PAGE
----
“Go on then. Tell me. Who said this:
“‘Our youth now love luxury. They have bad manners, contempt for authority. They show disrespect for elders and chatter in place of exercise. They contradict their parents, chatter before company, gobble up their food and tyrannize their teachers.’
“Don’t know? Want to guess?
“No, it wasn’t anyone you know.
“No, it wasn’t any politician. Nor a celeb either. No-one like that.
“It was Socrates. In the 5th Century BC.
“Sort of surprising, isn’t it.
“But I’ve said to you before, not a lot changes. Humans don’t change much. Only the trappings, the window dressing which we use to tart-up everyday life.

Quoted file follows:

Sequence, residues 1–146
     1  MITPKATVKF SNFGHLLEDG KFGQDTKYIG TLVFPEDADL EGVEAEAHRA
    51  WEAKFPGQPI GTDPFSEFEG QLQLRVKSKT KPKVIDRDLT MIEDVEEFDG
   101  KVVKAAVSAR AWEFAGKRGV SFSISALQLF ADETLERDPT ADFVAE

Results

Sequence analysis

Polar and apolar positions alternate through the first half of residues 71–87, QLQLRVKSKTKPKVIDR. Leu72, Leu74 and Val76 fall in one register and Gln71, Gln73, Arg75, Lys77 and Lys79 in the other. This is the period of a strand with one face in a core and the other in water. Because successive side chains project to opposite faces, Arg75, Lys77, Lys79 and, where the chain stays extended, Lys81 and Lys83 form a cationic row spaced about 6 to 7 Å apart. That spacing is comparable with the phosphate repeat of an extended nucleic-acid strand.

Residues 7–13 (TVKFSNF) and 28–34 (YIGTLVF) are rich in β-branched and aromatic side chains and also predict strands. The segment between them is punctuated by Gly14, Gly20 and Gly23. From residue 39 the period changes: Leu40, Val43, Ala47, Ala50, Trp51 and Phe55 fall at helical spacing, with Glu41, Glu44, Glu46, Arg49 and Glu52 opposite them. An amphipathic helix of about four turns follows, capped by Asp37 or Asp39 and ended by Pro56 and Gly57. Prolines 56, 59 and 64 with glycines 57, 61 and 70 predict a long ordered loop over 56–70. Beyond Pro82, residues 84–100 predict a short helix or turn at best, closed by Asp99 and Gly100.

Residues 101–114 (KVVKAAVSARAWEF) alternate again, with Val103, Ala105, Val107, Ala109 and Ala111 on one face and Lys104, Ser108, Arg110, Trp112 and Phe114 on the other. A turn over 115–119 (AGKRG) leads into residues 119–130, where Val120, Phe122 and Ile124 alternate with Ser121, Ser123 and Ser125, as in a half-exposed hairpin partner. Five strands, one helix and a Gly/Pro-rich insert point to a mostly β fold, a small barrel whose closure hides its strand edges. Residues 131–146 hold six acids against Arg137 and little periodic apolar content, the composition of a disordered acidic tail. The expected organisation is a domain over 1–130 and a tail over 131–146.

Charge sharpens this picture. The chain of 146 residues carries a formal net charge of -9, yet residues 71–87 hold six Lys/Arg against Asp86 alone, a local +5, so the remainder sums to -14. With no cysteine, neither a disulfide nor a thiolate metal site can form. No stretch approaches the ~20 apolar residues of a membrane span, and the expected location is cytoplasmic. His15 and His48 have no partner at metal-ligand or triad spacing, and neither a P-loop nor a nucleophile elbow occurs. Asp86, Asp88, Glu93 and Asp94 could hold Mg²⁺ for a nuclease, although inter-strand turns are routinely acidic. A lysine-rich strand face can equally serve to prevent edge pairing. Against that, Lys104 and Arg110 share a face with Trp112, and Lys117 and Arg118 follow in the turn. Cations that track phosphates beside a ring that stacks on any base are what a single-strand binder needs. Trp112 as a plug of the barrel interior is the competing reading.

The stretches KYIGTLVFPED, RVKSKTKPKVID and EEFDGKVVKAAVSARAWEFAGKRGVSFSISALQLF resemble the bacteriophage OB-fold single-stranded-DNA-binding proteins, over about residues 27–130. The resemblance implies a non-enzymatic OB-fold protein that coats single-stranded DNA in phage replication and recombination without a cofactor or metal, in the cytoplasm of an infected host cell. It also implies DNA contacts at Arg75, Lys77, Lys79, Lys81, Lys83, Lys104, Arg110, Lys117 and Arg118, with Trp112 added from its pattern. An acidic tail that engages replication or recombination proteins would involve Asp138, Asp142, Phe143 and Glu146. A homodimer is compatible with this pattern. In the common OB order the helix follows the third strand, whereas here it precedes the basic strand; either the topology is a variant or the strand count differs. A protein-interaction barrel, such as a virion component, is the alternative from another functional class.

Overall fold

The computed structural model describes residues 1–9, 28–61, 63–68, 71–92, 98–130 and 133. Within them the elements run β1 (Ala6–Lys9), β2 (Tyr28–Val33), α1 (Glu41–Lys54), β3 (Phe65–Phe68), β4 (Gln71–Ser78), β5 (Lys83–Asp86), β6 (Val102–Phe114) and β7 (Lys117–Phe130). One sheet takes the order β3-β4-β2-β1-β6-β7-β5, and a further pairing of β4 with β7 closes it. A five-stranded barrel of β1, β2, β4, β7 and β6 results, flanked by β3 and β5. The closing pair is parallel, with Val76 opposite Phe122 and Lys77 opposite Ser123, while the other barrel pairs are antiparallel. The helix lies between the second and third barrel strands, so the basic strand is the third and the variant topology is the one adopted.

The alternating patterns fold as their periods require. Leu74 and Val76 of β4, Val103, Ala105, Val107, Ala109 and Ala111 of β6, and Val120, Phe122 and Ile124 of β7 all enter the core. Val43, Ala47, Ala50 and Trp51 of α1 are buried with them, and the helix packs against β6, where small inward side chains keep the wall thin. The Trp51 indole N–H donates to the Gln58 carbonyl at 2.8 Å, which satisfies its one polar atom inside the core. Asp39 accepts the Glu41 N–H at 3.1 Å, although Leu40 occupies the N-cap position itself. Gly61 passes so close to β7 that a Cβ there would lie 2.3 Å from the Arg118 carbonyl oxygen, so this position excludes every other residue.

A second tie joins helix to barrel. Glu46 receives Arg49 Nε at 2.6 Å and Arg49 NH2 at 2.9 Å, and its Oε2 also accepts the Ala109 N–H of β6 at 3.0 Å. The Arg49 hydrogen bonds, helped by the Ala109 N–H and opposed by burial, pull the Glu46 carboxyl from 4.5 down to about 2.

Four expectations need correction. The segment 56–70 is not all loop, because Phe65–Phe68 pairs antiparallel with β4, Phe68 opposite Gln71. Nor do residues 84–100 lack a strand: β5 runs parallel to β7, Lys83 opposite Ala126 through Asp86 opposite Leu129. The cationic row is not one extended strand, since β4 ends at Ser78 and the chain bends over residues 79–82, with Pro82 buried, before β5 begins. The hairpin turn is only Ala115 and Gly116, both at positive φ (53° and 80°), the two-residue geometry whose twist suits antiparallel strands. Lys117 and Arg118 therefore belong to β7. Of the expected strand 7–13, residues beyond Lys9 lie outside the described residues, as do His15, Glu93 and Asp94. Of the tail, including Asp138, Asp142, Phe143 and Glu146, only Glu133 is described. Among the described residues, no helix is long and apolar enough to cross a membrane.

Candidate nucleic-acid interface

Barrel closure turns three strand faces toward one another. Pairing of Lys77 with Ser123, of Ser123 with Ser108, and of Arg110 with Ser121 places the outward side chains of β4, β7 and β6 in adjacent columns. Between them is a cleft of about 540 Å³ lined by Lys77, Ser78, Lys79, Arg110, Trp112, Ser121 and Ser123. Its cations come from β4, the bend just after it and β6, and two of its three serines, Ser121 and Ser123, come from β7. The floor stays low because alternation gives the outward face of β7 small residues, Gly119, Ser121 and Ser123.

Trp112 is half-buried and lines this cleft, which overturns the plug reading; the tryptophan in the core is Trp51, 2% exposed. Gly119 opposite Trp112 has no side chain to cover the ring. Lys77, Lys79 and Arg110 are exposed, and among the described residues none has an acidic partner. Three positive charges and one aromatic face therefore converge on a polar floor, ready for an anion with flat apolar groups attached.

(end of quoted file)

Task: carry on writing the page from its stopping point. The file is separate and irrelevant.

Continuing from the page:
“No, no, I don’t think that’s depressing. For window dressing read culture. If you think in terms of cultural contexts, then they can change. And that can make a lot of difference to the everyday.
“If you want to create change, change people’s culture. It’s a mistake to focus on politics. Politicians are followers, not leaders.
“What I’m getting at is don’t imagine you’re thinking anything or saying anything that hasn’t been thought or said before. Not at root. But how you think it, the words you use and how you them – that can all be more unique. That can be a product of the time. Of the current culture. Or you can try to influence future culture. That can be your input. That can be unique to you.”
“A photo? I don’t know. Stones. Big stones or rocks or something. Something that doesn’t change much.”